The analogy isn’t perfect (no analogy is) but it’s uncomfortably similar to how the UK government has responded to the financial cost of the Covid-19 virus by cutting the overseas aid budget. The nation was giving 0.7% of national income in aid, but that has now been reduced to 0.5% – a drop of about four million pounds. The government says that because the pandemic damaged the economy, the aid reduction will help restore public finances. So, let’s be clear what that means. We spent more than usual on health care and support for those out of work – which was right to do – and now we’ll restore our national wealth by taking money away from the poorest people in the world. Yes, we’re really doing that. Of course the UK should put its finances in order, but: a) if you look at the big picture, the UK is still among the very wealthy nations of the world; b) it’s hard to see any morality in restoring a strong financial position by making the poor poorer.

At other governments    Poverty has many causes. Historically, much wealth was taken from nations by colonial masters whose goal was to enrich the mother land. Even now, unfair contracts continue to blight some nations as other countries and large corporations want control of their minerals.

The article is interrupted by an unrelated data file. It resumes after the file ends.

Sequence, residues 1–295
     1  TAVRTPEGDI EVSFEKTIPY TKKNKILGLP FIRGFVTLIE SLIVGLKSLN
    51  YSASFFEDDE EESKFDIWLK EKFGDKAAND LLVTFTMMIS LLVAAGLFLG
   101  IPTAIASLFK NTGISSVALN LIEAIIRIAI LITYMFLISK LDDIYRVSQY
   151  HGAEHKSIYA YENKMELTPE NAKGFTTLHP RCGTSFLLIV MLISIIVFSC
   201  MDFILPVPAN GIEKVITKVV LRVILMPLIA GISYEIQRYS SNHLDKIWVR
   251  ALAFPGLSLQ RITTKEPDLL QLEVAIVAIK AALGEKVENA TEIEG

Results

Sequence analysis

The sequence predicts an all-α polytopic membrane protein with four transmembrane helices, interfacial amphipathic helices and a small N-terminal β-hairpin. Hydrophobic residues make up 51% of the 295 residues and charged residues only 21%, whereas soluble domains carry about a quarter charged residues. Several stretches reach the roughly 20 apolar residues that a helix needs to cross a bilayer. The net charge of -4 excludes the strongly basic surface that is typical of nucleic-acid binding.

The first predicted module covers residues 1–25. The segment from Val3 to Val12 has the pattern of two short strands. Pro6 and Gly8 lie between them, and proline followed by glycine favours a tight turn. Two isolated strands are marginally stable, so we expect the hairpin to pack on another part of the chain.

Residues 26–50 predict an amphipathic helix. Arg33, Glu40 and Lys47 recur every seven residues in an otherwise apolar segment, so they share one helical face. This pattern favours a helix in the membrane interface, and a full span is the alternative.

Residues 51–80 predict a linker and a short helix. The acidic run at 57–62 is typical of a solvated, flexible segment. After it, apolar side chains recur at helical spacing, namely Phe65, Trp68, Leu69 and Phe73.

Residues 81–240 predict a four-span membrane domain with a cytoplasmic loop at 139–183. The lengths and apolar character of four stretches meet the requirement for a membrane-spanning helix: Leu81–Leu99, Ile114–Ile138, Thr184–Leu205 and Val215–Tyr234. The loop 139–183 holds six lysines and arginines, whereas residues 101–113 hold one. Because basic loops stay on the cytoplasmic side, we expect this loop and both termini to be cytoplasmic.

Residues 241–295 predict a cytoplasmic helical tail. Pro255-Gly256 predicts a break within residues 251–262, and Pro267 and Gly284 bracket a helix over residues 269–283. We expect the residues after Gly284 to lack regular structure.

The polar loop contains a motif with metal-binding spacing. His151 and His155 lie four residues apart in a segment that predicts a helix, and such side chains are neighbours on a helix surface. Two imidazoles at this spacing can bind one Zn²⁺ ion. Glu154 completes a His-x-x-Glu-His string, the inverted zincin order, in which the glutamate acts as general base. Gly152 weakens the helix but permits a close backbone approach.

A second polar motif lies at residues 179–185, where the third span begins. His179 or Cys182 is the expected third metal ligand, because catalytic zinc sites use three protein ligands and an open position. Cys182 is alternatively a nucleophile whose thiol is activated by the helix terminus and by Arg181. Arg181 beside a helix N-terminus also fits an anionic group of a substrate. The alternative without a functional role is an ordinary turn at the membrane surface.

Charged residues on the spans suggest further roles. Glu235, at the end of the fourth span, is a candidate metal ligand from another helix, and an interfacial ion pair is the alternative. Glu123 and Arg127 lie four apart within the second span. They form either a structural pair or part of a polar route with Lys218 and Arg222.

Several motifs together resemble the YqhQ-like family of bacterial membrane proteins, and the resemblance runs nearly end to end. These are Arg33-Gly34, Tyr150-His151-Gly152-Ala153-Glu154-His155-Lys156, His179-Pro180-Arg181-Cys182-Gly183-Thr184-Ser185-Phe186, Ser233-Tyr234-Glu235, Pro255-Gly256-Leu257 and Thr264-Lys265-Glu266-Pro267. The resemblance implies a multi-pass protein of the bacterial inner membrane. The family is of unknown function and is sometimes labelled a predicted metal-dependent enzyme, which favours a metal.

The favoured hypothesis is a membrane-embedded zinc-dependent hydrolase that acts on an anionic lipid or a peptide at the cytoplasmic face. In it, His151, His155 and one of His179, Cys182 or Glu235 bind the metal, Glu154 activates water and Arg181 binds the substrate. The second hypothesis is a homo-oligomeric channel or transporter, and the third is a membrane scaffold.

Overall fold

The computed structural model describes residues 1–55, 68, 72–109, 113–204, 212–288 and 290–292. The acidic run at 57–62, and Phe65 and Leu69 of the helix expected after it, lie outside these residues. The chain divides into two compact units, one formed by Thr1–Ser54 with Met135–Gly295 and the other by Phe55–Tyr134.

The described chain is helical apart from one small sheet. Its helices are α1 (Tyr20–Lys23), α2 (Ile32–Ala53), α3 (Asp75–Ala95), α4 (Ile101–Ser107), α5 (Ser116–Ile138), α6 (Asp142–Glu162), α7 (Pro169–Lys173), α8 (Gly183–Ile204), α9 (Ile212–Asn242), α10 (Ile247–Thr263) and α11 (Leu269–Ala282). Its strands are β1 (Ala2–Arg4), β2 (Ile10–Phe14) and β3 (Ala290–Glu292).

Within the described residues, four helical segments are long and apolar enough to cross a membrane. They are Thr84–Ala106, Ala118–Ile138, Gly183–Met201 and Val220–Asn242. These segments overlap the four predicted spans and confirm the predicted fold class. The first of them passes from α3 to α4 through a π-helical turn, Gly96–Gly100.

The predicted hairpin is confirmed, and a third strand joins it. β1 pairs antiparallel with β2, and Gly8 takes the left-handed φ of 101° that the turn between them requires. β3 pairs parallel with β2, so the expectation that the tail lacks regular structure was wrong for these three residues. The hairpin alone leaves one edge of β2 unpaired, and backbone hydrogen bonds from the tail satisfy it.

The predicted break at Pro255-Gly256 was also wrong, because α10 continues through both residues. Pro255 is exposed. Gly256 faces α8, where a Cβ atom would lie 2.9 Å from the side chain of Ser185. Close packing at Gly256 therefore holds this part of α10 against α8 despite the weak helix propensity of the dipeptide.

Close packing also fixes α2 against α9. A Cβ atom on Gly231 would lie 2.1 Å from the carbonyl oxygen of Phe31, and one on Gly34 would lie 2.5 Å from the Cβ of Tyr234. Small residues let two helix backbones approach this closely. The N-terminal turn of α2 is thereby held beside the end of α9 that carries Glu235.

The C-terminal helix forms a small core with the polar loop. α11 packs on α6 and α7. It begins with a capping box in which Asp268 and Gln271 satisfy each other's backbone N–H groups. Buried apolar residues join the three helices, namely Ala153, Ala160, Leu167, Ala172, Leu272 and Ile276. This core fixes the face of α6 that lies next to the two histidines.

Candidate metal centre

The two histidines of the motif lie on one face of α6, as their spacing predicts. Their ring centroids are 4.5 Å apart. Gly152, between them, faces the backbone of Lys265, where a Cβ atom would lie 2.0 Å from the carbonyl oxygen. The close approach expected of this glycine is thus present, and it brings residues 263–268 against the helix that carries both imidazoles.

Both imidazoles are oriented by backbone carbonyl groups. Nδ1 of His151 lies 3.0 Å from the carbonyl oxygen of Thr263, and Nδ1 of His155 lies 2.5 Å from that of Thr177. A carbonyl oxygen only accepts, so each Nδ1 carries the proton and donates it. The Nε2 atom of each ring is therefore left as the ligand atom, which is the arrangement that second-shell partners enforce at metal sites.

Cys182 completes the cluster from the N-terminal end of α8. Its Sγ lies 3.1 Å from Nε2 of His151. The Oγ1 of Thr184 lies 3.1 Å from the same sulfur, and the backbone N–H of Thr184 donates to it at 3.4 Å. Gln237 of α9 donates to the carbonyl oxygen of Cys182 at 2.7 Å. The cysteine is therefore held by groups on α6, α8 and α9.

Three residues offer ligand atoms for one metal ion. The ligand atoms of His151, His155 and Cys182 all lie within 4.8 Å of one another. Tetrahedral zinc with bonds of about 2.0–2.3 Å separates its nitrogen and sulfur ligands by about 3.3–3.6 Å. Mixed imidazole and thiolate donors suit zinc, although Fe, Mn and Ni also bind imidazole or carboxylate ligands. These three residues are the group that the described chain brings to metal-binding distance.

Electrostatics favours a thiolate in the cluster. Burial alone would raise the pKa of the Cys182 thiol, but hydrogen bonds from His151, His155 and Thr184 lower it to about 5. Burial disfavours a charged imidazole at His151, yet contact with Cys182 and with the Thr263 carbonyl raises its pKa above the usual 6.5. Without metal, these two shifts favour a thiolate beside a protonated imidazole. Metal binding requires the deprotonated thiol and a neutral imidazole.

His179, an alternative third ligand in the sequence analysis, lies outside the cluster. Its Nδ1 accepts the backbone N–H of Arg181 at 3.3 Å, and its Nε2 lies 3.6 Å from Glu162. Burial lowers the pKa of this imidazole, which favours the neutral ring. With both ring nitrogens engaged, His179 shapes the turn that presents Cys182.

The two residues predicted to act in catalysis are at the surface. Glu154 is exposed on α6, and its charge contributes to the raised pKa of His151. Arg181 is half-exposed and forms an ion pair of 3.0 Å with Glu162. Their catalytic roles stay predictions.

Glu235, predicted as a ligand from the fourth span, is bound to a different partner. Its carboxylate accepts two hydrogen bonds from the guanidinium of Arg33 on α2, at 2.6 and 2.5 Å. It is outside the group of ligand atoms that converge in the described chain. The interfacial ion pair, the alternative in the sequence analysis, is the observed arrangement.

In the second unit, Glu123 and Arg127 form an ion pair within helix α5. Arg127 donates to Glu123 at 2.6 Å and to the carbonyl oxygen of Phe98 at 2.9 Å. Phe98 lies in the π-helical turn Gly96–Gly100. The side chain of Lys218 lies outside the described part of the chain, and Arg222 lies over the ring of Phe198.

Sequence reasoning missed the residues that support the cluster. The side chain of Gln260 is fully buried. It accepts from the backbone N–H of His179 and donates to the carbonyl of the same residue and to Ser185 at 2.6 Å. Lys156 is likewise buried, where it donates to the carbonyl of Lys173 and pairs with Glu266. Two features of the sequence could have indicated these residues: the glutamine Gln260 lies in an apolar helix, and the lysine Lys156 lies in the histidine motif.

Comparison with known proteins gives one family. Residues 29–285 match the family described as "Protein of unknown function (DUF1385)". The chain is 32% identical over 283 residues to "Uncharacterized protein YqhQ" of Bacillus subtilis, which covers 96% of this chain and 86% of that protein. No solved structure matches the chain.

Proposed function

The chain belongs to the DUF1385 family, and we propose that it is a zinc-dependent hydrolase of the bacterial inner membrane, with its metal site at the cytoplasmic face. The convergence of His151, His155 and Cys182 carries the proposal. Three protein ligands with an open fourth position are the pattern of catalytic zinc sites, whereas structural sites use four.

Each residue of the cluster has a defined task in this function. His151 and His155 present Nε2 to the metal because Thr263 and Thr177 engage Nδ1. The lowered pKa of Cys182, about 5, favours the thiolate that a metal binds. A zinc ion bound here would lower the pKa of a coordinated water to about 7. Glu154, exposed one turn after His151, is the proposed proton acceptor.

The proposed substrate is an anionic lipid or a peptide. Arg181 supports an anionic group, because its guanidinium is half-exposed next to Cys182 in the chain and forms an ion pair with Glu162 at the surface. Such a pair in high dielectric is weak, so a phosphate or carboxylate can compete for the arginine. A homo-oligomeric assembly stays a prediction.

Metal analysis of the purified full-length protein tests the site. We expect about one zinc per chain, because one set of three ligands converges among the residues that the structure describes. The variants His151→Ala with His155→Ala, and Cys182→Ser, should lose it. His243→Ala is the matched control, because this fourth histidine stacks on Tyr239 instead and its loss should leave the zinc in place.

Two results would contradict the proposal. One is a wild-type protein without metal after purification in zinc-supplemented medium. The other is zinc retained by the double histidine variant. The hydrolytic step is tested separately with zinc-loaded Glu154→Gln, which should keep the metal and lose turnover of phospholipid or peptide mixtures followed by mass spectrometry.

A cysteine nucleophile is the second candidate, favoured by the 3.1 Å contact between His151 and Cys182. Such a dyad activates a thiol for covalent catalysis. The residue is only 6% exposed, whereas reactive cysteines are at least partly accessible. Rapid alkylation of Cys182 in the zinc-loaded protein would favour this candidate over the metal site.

But poverty has plenty other causes too: discrimination against ethnic groups; incompetent and unstable governments; wars that kill civilians, devastate crops, and create millions of refugees; poor infrastructure and systems for trade; inadequate education, especially of girls; low provision of healthcare, clean water, safe working environments.

But, unquestionably, corruption is a major cause. In 2020 India’s Prime Minister, Narendra Modi, said ‘dynastic corruption’ was now a major challenge for the country. Where corruption persisted from one generation to the next, the country was hollowed out like the damage of a termite. It’s not just India where corruption is rife. In many places paying a bribe is just a cost of business, or how you get a favourable judgment in court. I’ve seen that most blatantly in Asia and Africa, but I’m not foolish enough to think corruption doesn’t happen in western countries too. Who is it that never benefits when there’s corruption? The poor. Their land is taken, and the affluent thief can pay off the police or judge while the poor farmer has no resources to regain the land. Corruption is a deep-rooted evil across much of the world.

I probably sound angry throughout this blog. I am. This is not how the world was meant to be or needs to be. Nothing described here has to be this way.